Tech, prosperity and peace in West Bank

At first glance, it is a tech utopian’s dream. For the last two years several dozen Israeli and Palestinian high-tech entrepreneurs have been quietly meeting at a Dead Sea resort that Palestinians can visit without receiving permits from the Israeli military.

Funded by the American high-tech giant Cisco Systems, the meetings feature little talk of settlements or suicide bombings. Instead, Palestinians are coached on the latest trends in software development processes, best practices and branding.
“From my own perspective, it was a very successful training,” said Saeed Zeidan, chief executive officer of a small Palestinian startup. “We managed to improve our services.” The training sessions are an example of privately funded economic initiatives that President Barack Obama and Secretary of State John Kerry have praised in recent trips here. In his March visit, Obama lauded Cisco’s efforts. In a landmark speech in Washington last week, where he tried to redefine the “war on terror,” Obama said it was vital for the United States to help countries in the region “modernize economies, upgrade education and encourage entrepreneurship.”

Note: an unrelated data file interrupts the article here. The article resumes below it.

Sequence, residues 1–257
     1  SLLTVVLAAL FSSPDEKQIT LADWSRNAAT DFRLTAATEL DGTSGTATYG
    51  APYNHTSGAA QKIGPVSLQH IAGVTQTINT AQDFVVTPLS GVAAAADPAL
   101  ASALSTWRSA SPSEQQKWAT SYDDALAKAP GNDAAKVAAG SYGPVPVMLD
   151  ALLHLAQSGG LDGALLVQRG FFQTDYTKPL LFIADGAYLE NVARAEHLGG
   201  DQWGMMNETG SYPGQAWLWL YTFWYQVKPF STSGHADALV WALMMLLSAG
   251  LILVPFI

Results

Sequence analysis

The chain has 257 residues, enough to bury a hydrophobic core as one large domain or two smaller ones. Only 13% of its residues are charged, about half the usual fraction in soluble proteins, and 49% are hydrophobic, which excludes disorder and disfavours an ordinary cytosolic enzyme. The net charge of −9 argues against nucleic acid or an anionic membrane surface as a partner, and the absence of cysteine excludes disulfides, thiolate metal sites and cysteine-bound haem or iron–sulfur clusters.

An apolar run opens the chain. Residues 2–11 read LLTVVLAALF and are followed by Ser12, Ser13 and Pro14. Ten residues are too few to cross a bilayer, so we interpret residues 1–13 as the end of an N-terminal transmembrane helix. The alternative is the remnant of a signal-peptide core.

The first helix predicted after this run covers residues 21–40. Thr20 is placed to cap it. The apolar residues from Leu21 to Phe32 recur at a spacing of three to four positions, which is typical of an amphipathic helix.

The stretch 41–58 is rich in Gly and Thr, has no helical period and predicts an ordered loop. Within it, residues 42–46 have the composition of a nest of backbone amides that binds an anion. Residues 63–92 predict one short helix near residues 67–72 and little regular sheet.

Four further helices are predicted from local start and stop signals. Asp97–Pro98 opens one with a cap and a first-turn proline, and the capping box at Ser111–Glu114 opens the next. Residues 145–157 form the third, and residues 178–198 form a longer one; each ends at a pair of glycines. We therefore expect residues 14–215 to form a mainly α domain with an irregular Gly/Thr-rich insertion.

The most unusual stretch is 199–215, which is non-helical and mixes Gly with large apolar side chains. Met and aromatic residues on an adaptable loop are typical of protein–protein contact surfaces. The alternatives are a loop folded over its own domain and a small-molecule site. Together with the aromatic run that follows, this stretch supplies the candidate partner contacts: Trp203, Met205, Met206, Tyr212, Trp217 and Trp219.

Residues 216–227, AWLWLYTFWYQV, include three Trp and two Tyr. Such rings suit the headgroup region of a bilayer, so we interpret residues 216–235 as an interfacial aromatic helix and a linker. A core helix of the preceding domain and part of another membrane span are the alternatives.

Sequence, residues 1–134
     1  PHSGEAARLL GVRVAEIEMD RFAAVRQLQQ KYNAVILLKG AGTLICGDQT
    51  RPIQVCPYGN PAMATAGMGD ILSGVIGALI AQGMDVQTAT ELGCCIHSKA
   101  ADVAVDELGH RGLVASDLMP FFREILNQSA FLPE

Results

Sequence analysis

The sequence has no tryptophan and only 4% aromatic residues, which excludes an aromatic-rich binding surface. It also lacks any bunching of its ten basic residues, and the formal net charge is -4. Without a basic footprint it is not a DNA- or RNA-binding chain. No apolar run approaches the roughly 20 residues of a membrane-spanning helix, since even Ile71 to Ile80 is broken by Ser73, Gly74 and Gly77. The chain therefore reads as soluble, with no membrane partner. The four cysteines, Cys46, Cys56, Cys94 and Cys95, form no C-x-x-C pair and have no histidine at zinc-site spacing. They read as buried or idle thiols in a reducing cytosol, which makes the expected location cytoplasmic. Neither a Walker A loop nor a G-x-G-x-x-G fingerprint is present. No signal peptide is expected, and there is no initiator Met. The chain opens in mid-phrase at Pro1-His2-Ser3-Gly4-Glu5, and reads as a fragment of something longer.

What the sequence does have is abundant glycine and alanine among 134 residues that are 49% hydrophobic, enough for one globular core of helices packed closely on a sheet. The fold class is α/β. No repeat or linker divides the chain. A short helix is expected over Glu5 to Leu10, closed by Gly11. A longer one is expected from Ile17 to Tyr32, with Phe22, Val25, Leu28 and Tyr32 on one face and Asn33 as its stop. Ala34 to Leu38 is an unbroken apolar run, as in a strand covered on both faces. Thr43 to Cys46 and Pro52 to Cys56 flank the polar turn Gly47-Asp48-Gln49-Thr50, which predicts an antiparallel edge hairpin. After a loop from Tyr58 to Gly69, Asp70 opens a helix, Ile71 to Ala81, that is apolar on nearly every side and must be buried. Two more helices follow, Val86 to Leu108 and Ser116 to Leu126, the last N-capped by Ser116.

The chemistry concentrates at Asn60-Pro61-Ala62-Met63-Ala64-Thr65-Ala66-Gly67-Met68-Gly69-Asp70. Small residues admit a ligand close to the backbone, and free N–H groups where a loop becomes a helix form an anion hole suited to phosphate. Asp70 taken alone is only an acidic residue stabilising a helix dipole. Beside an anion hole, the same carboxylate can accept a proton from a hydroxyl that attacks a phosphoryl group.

Dozens of other Israel-based companies have followed Cisco’s example and hired Palestinian firms for outsourcing work. Palestinian firms now also work for Hewlett-Packard, Alcatel-Lucent and other American and European tech giants.
Today, 250 Palestinian information and technology companies produce 6.1 percent of Palestinian economic activity, the Israeli newspaper Haaretz recently reported. Researchers working with Quarter representative Tony Blair and international business leaders have identified “stunning” opportunities for private investment in tourism, light manufacturing and construction, Kerry said. This week, however, Kerry’s optimism ran into the realities of the Israeli-Palestinian peace process. Palestinians’ reactions to his proposal were generally positive, but the history of failed past initiatives loomed large.
Many Palestinians — including participants in Cisco’s program — cautioned that economic investment was not a substitute for the creation of a Palestinian state. They have been complaining for years that Israeli restrictions on the movement of people and goods in the West Bank strangle the local economy. Economic proposals involving private companies involve little political risk. Reaching a peace settlement, however, means Israeli, Palestinian and US officials must take enormous risks. Peace is not possible ion the political cheap.

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